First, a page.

1768 — THE INTERNAL DISPUTES
WITHIN THE SO-CALLED SCHOOL
Letter from Dupont (de Nemours) to L.-P. Abeille
Undated [circa the end of 1768] — Translated by Benoît Malbranque
[Eleutherian Mills Historical Library, Winterthur Manuscripts, W2-17.]
To Mr. Abeille
You must have known for a very long time just how much I love peace, and your letter confirms me that you are indeed well aware of it. I have proved you how much peace is dear to me as soon as 1763, that is, from the first moment we met, and at a time when you looked so negatively on my book De l’exportation et de l’importation des grains, which was nonetheless very well received in the public, and which you strongly advised me never to publish. I have proved you how much peace is dear to me when you forbade me, back in 1764, from finishing a treatise on luxury and then one on trade, that were both under way; and when you forbade me from doing so for no valid reason, since you did not publish them yourself, and disdained the use of the exclusive privilege that you were eager to secure on this matter. I proved to you how dear it is to me when, despite the instructions of Mr. Quesnay, you snatched from me the notes he had made on Mr. Mably’s treaty on public law, and when you consistently refused to return, neither to Mr. Quesnay nor to me, these notes that this respectable man had made only for me, for my instruction, for my personal use, and as a way to help and guide me in a work I was then in charge of, as I could prove you with the very letters sent to me by Mr. Quesnay. Five years ago, I was only 23 years old, I was perfectly unknown, and in all respects I was in great need of education and help; you, on the other hand, were more than a man, your reputation was already high, you no longer needed to be led and supported; and therefore I was experiencing the kind of torment that the poor so naturally suffer when being robbed by the rich. I did not react to it, Sir, for I believed that scholars working under the same teacher and promoting the same doctrine should forgive each other many things, and do their utmost to live as friends.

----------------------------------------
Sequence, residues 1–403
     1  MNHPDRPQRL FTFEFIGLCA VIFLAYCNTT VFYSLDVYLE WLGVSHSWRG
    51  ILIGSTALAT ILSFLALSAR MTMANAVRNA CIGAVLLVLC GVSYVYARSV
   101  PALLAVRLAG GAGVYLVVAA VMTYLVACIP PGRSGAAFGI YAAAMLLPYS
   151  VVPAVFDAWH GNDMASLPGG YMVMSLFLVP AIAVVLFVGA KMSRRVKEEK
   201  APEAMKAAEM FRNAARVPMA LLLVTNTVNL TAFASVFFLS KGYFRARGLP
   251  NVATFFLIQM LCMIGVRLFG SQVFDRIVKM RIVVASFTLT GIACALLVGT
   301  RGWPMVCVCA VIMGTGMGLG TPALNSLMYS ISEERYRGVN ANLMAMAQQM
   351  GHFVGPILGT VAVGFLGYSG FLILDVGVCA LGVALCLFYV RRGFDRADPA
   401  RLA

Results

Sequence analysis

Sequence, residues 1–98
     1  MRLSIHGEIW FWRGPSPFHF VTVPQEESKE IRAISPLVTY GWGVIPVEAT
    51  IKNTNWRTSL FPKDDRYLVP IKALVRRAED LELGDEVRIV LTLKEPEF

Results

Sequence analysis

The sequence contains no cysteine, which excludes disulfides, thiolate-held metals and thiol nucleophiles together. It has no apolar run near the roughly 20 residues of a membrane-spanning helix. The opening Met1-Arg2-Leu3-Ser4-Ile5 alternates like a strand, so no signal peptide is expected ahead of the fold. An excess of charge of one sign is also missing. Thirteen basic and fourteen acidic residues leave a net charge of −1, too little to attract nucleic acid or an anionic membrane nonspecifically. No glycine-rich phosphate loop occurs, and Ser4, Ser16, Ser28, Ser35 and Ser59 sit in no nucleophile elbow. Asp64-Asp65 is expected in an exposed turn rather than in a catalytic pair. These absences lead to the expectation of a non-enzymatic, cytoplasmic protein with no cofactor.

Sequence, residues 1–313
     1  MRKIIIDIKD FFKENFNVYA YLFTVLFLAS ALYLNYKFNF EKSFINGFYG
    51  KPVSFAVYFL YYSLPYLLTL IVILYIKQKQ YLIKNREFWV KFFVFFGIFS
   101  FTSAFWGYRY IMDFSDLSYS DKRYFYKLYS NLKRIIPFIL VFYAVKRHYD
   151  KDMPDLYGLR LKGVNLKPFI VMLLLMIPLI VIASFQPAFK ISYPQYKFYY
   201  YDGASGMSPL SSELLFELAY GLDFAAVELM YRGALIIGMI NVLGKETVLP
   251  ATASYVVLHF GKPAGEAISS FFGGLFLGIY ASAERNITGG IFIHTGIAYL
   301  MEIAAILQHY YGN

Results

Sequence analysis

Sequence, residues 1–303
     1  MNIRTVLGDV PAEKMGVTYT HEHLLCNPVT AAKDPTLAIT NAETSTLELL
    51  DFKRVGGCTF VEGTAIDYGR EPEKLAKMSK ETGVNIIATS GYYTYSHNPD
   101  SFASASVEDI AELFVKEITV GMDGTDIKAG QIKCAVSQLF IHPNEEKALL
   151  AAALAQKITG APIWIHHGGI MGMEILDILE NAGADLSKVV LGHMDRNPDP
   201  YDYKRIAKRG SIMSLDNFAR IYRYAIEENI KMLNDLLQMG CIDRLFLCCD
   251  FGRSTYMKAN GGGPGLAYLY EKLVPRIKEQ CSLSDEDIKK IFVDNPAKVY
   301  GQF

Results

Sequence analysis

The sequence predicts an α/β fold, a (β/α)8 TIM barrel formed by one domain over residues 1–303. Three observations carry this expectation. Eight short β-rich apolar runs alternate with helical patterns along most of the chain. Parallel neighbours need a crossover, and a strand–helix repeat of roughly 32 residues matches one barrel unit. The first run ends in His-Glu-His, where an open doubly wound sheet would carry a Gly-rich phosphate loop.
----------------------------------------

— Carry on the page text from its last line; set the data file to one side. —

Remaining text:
I flattered myself for a while that I had finally brought you over to this way of thinking that I believed to be so suitable for both of us. In 1766, when my love for truth caused me to lose the Journal du Commerce, you seemed to show interest in me. You sent me to Mr. Martin, you gave me the opportunity to write for him an essay on the Languedoc linen trade, and you even reminded him in 1767 to fulfill the commitments he had made with me about it. I then showed you how grateful I was for this service; I strived to forget your old ways, and gave in to the pleasure of believing that you would never try to remind me of them.
Before and since that time I have missed no opportunity to show consideration, deference, and respect towards you; to praise your writings, your knowledge and your talents. Therefore, I do not understand why you choose to persecute me now.
Will you never be able to allow me to complete peacefully a book which you have been informed I have started? Why does it matter to you that I write or do not write an abridged history of the good economic writings published in France? If this historic overview is poorly executed, I will be the only one to blame; and you will always be at liberty to criticize me. Do you think that I am insensitive enough not to feel how insulting your redoubled pleas are, demanding me to mention neither you nor your writings?